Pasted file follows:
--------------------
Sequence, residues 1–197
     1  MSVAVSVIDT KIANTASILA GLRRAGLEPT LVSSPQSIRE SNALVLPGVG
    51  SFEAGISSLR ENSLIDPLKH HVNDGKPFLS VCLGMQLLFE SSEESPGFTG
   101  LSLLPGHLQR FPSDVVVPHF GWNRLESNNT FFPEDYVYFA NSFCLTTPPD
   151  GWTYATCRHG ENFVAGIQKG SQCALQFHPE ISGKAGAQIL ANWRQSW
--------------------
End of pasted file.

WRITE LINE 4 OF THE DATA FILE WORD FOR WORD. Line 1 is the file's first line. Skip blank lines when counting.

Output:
   101  LSLLPGHLQR FPSDVVVPHF GWNRLESNNT FFPEDYVYFA NSFCLTTPPD